Transforming The Gazette

When a bill is given royal assent, a company becomes incorporated, or a bankruptcy order is issued, there is one place in which all of these announcements are made: The Gazette.

The Gazette is the UK’s official public record and publishes notices, either because it is required by law, or to put official information permanently on the public record and in the public domain. Since 1665, The Gazette has recorded national and international events, and so it is the essential record for many researchers.

How the public and researchers access The Gazette, however, has changed dramatically over the last two decades. Before 1996, around 250,000 copies of the London, Edinburgh and Belfast Gazettes were printed daily; in 2018 just 80 copies are printed each day. So, what has changed in that time and how do people read and use The Gazette today?

The front cover of The London Gazette

Supplement to The London Gazette, 1901

Screenshot of The Gazette website homepage in 2018

The Gazette website, 2018

Since 1998, the information provided to The Gazette to form a new notice has been captured using Extensible Mark-up Language (XML), but it was not until 2013 that digital transformation really began to bring The Gazette to a 21st Century audience.

What does the process of submitting a notice look like in the 21st Century?

Today, notices to be published in The Gazette can be submitted either as full text or as data. If only the data is provided, then it is merged with an existing template to produce a full notice. Once the notice has been published, the RDFa (Route Description Framework in Attributes) is extracted from the notice and stored as RDF in a triple store. This provides both document views of the notice and data views of the notice. The linked data application programming interface (API) allows a notice to be retrieved via format-specific URLs. The formats that can be queried include PDF, TTL, RDF, JSON, HTML and XML.

Valid, authentic data

Being the official public record, all notice placers are verified to ensure that notices published by The Gazette are certified as fact. The Gazette now uses XML to add digital signatures to notices uploaded online. These digital signatures check that the information published is correct and unmodified, confirming the validity and authenticity of a digital document.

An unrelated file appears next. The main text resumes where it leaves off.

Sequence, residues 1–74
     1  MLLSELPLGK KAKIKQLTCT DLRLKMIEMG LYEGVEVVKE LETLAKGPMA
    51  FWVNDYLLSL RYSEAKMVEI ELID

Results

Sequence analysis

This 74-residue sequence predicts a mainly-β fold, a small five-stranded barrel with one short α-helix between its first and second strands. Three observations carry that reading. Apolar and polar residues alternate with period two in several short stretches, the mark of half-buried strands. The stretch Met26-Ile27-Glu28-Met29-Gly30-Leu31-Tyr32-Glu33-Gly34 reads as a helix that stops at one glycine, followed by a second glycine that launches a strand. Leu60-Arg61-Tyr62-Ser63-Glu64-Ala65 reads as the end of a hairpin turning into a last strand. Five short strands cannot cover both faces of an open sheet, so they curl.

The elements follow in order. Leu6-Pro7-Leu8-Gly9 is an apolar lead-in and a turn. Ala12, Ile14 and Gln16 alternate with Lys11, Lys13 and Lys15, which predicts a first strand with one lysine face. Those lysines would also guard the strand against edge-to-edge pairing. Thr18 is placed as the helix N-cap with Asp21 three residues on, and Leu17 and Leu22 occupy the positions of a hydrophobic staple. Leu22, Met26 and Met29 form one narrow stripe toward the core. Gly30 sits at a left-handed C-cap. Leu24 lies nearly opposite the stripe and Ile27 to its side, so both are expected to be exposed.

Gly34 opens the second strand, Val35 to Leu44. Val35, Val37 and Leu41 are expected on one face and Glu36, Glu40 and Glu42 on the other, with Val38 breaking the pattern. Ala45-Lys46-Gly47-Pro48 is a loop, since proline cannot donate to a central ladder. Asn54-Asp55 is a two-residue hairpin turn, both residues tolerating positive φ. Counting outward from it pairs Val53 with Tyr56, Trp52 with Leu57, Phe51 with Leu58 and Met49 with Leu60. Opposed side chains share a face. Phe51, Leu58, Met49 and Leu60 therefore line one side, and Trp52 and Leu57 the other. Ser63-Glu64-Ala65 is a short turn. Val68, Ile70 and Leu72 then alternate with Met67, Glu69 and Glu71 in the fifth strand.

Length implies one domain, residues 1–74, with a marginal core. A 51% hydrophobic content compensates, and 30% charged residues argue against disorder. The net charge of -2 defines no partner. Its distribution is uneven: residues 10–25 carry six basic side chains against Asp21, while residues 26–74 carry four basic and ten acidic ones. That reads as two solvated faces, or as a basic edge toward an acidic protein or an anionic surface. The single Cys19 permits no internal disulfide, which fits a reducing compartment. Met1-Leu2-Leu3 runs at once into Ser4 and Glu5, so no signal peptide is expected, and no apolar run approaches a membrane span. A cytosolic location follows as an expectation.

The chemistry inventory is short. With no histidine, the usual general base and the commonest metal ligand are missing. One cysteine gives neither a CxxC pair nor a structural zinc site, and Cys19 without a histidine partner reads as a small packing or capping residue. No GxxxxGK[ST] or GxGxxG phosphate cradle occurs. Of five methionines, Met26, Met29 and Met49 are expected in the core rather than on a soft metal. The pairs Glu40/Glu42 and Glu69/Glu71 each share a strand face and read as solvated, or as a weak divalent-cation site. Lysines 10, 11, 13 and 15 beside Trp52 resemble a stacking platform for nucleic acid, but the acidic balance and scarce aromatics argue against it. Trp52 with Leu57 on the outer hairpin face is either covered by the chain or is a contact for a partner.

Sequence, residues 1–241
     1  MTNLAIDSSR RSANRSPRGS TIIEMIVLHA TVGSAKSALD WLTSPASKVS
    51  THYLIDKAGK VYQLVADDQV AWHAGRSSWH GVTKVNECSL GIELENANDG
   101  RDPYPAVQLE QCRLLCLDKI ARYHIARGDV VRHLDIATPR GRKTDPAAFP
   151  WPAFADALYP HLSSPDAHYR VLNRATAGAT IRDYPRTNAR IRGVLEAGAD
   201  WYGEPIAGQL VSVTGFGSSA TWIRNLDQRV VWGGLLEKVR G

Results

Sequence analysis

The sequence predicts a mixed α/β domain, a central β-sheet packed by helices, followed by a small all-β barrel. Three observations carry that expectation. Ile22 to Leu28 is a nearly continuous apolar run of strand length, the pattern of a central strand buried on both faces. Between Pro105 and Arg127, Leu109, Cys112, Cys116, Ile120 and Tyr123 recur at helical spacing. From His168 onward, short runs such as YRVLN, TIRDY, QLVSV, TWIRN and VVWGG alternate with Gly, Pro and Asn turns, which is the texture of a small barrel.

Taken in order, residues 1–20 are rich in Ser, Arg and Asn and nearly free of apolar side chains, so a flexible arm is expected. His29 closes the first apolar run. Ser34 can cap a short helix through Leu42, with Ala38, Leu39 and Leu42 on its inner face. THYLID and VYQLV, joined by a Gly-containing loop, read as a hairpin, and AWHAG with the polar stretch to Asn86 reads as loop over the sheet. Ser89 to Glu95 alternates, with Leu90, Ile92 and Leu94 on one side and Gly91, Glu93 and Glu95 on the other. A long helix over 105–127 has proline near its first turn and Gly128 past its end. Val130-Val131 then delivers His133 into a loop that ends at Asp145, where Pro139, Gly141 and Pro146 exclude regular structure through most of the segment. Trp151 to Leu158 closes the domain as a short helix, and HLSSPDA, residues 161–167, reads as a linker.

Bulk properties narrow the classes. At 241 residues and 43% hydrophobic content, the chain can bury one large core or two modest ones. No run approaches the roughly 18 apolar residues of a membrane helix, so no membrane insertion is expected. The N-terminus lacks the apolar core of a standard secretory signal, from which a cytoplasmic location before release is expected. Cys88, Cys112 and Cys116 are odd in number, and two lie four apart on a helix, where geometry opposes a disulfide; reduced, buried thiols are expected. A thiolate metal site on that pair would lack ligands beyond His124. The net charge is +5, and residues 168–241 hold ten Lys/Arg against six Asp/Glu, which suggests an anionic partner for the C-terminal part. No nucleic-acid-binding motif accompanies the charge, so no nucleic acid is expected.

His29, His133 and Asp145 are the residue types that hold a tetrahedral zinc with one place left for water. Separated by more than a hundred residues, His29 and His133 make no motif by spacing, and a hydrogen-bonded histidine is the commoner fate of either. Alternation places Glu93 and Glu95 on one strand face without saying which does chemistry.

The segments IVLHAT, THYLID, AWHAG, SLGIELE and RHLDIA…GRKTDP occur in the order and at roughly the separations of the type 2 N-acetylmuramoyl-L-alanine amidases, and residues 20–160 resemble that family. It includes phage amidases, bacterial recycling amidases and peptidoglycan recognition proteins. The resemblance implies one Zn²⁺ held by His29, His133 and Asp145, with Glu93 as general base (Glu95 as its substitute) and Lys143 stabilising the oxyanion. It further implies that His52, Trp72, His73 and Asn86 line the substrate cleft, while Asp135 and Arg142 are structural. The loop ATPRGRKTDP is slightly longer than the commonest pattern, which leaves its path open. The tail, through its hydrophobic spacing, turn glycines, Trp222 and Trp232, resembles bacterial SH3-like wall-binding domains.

Longitudinal datasets

Datasets from The Gazette go back as far as 1900 and cover areas such as wills and probate, appointments and honours, and insolvencies. The ability to find these datasets and make use of them has since been greatly improved.

Any data submitted prior to 1997 has been extracted from historic Gazette documents, while the archive indexes have been processed from 1900 onwards, and notices from 1998 onwards. The Gazette is now a rich source of open data, including longitudinal datasets and linked data, and is available to search and use online for free.

Data for commercial use

The Gazette’s data is also invaluable to organisations such as credit reference agencies, banks and government departments, who use it to support risk and opportunity management.

Since The Gazette’s digital transformation, companies can choose to have data delivered in a number of different formats, including XLS, XML and CSV. Insolvency, deceased estates and companies notice data are offered as part of the service.

All of these changes to The Gazette mean that the publication retains its huge value and relevance in the digital age, to researchers, the public, businesses and professionals. Visit our website to find out more about the services we offer.

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